Two things to keep in mind when deciding where to place a carbon monoxide detector is detection effectiveness and the ability of everyone in the house to clearly hear the alarm in case of an emergency.
Based on these requirements, the general recommendation is to place a the detector near sources of carbon monoxide such as a gas furnace and close to where family members spend most of their time such as near bedrooms.
Carbon Monoxide Placement Guidelines
Since CO is slightly less dense than air, it is logical to install the detector at a higher place (head height or higher). Ideally, an alarm should be installed in every room containing a fuel-burning appliance such as stoves, ovens, furnaces, boilers, water heaters and fireplaces.
Here are some guidelines one where exactly to install the detector.
- The detector should be close to the ceiling and higher than doors or windows.
- Ceiling-mounted alarms should be at least 30cm from any wall, while wall-mounted alarms should be at least 15cm from ceiling and between 3-1 metres horizontally away from the potential source.
- In sloping ceilings, the detector should be places at the higher end.
Additional apparatus like remote alarms may be installed to ensure adequate warning is given to occupants in other rooms where they spend most of their time awake (sitting or dining room). It is also crucial to place CO detectors as close as possible to where everyone sleeps.
If your home has multiple levels, there should be a carbon monoxide detector on every floor.
In cases where there are fuel burning appliances in more than one room but the number of detectors is limited, one can install them at these strategic positions:
- In rooms with flueless gas appliances – these are appliances lacking any pipe or chimney to exhaust gasses outside. They have a higher risk of producing dangerous levels of carbon monoxide.
- Hallways close to bedrooms – this ensures everyone hears the alarm.
- Where occupants spend most time such as the living room.
- If the premise is a bedsit (a single room serving both as sitting and bedroom) then the detector should be placed as far from cooking appliance as possible and closer to where the person sleeps.
Fixed vs. Portable Carbon Monoxide Detectors
These guidelines are applicable to detectors that are mounted in fixed locations like the Honeywell XC100D, Kidde 4MCO (hardwired), BRK Dicon CO850Mi and the First Alert CO400 models.
For hardwired models like the Kidde 4MCO (hardwired)andBRK Dicon CO850Mi, you can also link them to other remote alarms to provide sufficient warning throughout the house.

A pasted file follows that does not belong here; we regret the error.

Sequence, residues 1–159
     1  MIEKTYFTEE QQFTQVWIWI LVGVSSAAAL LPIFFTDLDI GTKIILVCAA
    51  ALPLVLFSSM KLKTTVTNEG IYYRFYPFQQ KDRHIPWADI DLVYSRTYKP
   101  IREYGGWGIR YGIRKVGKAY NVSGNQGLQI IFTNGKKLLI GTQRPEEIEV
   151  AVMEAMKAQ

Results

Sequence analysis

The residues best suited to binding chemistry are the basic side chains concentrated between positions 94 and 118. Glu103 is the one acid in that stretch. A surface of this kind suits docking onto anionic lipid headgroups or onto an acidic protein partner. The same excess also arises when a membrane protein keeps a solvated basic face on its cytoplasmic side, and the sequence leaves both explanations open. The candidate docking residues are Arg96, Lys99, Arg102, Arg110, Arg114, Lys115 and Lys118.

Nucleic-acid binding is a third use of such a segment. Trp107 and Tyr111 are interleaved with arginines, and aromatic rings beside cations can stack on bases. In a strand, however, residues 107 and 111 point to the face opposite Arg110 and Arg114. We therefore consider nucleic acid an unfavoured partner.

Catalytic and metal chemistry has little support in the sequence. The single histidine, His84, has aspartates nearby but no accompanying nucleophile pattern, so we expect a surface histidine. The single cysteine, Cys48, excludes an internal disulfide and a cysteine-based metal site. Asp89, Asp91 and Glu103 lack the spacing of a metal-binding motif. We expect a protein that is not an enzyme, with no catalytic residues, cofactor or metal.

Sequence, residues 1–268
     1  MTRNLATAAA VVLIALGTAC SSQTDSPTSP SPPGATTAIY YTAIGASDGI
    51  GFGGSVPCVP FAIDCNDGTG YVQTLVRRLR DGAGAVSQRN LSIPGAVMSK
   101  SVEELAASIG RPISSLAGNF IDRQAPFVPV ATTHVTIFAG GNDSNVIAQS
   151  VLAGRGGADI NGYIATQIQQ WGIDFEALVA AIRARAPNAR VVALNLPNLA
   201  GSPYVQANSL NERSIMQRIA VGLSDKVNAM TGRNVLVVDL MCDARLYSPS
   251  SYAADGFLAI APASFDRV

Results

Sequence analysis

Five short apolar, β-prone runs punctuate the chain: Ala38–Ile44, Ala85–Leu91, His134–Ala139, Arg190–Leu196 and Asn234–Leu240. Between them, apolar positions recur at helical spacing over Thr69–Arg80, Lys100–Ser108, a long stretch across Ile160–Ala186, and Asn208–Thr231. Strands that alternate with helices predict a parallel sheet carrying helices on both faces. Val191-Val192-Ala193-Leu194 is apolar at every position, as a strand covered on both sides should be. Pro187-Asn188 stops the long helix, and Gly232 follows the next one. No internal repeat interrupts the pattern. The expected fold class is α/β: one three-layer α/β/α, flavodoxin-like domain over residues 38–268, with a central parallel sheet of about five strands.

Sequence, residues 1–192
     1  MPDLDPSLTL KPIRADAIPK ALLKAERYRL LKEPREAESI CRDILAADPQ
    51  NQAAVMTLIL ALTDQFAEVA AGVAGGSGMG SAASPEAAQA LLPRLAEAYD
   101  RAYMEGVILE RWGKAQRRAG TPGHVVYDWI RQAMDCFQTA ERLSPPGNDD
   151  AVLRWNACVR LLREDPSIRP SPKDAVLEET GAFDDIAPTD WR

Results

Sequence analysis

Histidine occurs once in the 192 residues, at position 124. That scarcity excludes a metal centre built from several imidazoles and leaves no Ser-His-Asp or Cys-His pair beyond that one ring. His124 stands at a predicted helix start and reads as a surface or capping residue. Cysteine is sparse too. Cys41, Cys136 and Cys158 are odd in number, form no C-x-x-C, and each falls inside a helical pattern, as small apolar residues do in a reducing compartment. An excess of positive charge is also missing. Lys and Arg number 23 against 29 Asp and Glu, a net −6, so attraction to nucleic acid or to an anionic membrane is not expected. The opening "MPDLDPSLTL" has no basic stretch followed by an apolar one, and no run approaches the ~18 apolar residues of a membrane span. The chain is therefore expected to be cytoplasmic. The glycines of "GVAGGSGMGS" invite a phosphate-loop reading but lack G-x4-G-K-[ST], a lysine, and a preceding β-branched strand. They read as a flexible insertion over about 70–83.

Portable detectors like the 7-year FireAngel CO detector are handy if you have multiple sources of carbon monoxide around the house.
You can carry it to the garage when working on your car, put it in the living room when you are using the fireplace or use it in any room whose CO levels you need to monitor.
Just ensure that the detector is at a vantage point and not too close to the potential source.
CO Detector Placement in Caravans
Caravans have additional risk of CO ingress through air vents from the vehicle’s engine or generators. Carbon monoxide from a close by barbeque can also get in through the vents.
This does not change the basic guidance of location of the alarm. Singled room caravans can be treated as bedsits. The alarm placed closer to sleeping area but further from cooking appliances or sinks. Any sleeping accommodation which is in a separate room from the combustion appliance(s) should also have an alarm.
Where NOT to Place a Carbon Monoxide Detector
As much as it is important to know where to correctly install carbon monoxide detectors, it is also good that you know where NOT to install them. This prevents faulty readings that may raise false alarms or damage the device.
Avoid placing a carbon monoxide detector in these areas.
- Too close to potential CO sources like gas or charcoal appliances to avoid false detection. These appliances constantly release small amounts of CO, which over time might give false information on the actual volume of CO in the room.
- In humid/moist rooms including bathrooms.
- Where dirt and dust may block the sensor.
- Directly above the sink.
- Where it can be obstructed by furniture.
- Away from where children can reach it to ensure they don’t tamper with it.
- Next to doors, windows, extractor fans, air vents or any other similar ventilation openings. The detector may not accurately detect high levels of carbon monoxide in the room, which is a safety hazard.
- In direct sunlight, as this would affect the temperature display of the detector considerably.
- Outside the house where temperatures may fall below -100 C or exceed 400 C.
- In enclosed space like inside a cupboard or behind the curtains.
The above are just general guidelines and recommendations. Your carbon monoxide detector may come with more specific instructions on placement and operation. Make sure you read the product manual and contact the manufacturer if you have any questions or concerns. Check also our article on how to dispose of a CO detector.